Davidson is so dangerous, 1. because they just knocked off Rhode Island and 2. because they average more than 10 three-pointers a game. Payton Aldridge (21.3 ppg) has fully stepped up his play to produce as much as Jack Gibbs from years past. He can fully take on the responsibility as a go-to player to leave all of his teammates open at every spot on the court.

Teams though that you cannot overlook in this tournament include both No.8 VCU and No. 9 Dayton. No. 7 Richmond is also a dangerous team that no one wants to face in this tournament.

PICK: No. 2 St. Bonaventure


Georgetown gets a boost with Jessie Govan returning to school

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Georgetown gets a boost with Jessie Govan returning to school

After testing the NBA Draft waters, Georgetown center Jessie Govan decided to return to the Hoyas for his senior season.

Govan announced his intention to return on Instagram a week before the final commitment deadline.

Returning to the Hoyas is definitely a boost to the program that will be in their second year under head coach Patrick Ewing.  At 6-10, Govan was the team’s leading scorer (17.9 ppg) and rebounder (10.0 rpg) averaging a double-double last season.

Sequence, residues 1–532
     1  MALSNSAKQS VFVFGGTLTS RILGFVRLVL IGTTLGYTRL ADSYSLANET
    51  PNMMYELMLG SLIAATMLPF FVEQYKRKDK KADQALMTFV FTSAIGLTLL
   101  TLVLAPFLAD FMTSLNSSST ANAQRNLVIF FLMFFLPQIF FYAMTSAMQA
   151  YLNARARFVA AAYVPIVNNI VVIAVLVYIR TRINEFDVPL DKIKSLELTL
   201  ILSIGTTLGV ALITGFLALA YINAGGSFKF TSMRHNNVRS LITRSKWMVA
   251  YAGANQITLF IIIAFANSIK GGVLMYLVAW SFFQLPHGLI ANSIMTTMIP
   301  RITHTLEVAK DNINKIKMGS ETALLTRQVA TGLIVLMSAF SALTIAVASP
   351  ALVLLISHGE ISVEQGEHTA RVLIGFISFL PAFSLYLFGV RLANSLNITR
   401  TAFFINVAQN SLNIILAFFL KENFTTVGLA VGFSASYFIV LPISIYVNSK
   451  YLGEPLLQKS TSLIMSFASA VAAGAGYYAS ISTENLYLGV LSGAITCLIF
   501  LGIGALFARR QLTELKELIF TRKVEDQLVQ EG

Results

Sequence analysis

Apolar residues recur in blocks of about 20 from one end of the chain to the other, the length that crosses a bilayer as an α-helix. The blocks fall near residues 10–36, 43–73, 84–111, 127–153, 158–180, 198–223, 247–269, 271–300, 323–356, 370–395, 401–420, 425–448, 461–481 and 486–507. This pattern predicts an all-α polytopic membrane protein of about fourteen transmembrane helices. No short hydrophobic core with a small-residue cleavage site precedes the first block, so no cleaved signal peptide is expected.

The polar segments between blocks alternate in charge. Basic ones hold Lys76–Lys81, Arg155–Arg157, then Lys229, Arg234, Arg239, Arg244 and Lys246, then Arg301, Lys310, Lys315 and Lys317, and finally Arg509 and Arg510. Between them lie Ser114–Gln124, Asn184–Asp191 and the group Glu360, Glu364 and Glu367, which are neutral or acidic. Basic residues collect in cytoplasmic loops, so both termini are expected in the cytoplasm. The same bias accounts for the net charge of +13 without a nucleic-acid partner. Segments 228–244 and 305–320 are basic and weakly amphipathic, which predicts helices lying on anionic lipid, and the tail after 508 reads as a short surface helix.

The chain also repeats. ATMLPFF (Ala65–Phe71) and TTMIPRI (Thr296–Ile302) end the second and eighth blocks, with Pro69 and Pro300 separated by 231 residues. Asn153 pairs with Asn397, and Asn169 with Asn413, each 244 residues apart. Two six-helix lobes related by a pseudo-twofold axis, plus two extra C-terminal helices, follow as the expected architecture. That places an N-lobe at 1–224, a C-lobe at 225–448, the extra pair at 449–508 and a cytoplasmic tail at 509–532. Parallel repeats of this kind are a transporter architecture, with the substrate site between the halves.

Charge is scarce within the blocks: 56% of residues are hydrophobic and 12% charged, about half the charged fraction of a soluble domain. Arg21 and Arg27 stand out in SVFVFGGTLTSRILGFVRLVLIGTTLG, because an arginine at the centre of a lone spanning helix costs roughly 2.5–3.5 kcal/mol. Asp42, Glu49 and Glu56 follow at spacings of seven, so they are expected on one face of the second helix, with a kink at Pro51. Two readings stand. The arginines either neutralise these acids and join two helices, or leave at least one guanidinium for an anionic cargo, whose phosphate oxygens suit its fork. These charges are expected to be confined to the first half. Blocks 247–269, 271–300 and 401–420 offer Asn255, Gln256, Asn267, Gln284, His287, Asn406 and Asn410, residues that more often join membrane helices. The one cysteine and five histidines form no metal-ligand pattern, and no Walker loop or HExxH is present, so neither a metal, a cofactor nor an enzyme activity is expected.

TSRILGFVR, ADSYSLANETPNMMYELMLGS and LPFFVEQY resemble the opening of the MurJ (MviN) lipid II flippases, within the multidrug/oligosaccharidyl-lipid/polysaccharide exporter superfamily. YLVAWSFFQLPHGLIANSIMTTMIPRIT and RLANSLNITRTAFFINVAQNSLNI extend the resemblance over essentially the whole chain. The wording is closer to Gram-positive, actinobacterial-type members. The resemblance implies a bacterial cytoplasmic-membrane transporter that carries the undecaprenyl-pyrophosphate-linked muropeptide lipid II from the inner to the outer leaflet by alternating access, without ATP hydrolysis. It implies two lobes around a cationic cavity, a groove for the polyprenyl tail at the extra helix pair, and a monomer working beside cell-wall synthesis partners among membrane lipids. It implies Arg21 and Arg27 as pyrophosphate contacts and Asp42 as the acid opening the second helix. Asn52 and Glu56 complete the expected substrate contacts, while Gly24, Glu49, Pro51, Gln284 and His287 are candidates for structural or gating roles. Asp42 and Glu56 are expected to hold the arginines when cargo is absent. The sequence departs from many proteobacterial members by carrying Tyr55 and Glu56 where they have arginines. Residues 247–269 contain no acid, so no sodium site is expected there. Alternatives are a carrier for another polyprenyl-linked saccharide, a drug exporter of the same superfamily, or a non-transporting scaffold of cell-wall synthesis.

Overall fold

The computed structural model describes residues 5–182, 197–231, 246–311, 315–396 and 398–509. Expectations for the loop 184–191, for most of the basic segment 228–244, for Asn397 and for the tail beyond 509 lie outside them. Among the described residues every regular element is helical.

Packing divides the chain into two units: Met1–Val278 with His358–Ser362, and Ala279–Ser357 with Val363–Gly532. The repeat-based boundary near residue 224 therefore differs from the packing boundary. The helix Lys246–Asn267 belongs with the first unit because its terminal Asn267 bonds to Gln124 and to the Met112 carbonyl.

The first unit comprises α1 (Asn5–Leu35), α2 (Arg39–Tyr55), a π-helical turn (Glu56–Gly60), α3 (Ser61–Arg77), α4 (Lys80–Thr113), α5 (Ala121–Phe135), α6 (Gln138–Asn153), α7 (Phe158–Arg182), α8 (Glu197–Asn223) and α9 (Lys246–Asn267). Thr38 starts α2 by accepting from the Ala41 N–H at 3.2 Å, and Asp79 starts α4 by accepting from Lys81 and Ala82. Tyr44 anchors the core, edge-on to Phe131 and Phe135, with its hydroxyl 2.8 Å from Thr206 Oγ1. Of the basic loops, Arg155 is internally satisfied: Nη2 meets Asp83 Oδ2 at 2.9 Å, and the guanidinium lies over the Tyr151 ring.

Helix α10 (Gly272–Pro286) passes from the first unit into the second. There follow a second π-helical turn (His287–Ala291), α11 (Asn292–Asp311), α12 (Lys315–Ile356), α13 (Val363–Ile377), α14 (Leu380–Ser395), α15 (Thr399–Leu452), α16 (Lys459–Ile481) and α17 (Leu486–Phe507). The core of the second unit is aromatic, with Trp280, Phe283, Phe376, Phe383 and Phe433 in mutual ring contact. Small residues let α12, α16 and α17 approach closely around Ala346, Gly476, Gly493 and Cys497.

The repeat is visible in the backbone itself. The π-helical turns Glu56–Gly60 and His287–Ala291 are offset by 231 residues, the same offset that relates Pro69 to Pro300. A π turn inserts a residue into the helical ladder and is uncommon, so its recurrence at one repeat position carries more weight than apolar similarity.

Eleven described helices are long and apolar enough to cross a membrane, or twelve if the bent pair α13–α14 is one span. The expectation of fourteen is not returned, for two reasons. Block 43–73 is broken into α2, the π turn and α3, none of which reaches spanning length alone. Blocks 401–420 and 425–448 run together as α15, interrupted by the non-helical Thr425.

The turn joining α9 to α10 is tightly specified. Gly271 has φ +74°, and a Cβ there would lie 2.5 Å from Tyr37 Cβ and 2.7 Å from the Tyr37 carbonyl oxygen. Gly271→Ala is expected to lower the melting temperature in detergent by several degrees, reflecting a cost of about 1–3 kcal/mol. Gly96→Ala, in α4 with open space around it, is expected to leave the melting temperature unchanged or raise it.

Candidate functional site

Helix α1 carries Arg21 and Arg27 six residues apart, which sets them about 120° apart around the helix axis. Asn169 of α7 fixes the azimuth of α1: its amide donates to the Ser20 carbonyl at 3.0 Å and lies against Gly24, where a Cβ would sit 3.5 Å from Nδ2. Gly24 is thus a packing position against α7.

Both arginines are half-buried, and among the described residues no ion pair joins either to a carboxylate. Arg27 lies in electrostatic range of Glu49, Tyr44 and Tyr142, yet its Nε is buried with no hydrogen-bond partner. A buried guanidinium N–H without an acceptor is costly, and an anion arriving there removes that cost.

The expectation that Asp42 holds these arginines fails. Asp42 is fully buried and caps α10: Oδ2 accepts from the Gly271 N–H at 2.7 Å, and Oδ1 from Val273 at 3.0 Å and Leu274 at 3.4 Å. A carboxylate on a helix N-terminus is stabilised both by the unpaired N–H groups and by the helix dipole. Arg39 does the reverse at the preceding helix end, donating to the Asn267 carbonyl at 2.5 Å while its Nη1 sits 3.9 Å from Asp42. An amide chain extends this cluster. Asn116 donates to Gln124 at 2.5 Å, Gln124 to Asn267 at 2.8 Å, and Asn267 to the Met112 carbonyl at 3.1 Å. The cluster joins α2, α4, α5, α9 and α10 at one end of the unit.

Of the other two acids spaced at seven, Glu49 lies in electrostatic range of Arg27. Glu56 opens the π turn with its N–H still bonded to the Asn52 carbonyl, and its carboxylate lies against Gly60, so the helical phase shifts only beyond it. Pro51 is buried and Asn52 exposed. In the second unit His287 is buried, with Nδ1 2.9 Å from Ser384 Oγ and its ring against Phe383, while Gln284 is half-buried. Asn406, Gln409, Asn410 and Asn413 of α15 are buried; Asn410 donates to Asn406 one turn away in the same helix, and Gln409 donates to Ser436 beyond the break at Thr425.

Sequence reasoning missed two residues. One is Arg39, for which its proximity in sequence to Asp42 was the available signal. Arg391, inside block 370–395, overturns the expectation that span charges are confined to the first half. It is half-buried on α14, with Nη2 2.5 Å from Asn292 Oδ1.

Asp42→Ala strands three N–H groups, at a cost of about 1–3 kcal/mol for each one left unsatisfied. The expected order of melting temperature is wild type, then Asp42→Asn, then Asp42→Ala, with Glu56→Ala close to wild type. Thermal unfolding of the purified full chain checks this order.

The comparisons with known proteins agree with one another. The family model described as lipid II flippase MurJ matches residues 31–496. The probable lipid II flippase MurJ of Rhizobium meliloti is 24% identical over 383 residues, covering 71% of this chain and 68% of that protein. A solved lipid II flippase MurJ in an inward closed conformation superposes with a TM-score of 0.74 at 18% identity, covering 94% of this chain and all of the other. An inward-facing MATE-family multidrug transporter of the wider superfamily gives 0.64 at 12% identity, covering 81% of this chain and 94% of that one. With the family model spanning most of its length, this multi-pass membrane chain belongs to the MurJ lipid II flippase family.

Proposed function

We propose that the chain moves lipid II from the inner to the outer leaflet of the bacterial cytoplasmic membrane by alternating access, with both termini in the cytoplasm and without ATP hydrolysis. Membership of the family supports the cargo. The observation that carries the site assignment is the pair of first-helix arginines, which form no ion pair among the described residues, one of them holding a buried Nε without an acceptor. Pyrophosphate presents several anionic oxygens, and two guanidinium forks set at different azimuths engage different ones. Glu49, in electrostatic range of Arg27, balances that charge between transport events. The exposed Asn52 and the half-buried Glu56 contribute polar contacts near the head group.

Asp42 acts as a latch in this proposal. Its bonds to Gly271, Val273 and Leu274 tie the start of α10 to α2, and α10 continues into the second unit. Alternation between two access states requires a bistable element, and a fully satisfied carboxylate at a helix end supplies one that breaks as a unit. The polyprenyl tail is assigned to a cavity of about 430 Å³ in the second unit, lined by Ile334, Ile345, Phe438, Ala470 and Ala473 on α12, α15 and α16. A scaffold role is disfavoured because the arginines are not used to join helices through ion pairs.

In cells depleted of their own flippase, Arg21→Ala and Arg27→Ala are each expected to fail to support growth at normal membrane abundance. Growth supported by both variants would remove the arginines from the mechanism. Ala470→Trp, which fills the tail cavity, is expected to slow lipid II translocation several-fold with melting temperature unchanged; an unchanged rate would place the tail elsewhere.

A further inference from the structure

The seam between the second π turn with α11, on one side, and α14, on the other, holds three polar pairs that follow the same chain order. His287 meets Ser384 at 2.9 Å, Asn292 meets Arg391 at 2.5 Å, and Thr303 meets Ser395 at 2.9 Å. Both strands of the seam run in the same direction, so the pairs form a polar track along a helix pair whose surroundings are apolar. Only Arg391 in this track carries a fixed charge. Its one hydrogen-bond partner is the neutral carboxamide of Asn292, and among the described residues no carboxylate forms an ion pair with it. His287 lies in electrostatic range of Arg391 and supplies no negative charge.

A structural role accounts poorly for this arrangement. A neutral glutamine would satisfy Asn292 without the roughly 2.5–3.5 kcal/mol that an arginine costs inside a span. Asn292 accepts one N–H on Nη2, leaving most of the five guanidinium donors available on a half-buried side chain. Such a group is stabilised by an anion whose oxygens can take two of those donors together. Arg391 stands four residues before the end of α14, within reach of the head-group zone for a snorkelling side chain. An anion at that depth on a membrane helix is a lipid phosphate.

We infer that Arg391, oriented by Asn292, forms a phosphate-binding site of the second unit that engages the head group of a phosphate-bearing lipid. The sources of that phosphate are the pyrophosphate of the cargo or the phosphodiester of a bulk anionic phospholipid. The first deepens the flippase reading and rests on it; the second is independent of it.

Paired alongside power forward Marcus Derrickson, the Hoyas were nearly unstoppable in the paint. Derrickson though decided to forgo his senior year and signed with an agent after the season.

Had Govan decided to leave that would have meant over 56 percent of the team’s scoring and rebounding would have departed (to graduation or professional pursuits) in a handful of months. Not the best outlook for a 15-win team that went 5-13 in the Big East.

Instead Ewing gets back his leading scorer that many believe he can mold as a young protégée. While in the draft process without an agent Govan had workouts with the Boston Celtics and the New York Knicks. Both are valuable experiences that he will bring to a relatively young Georgetown squad.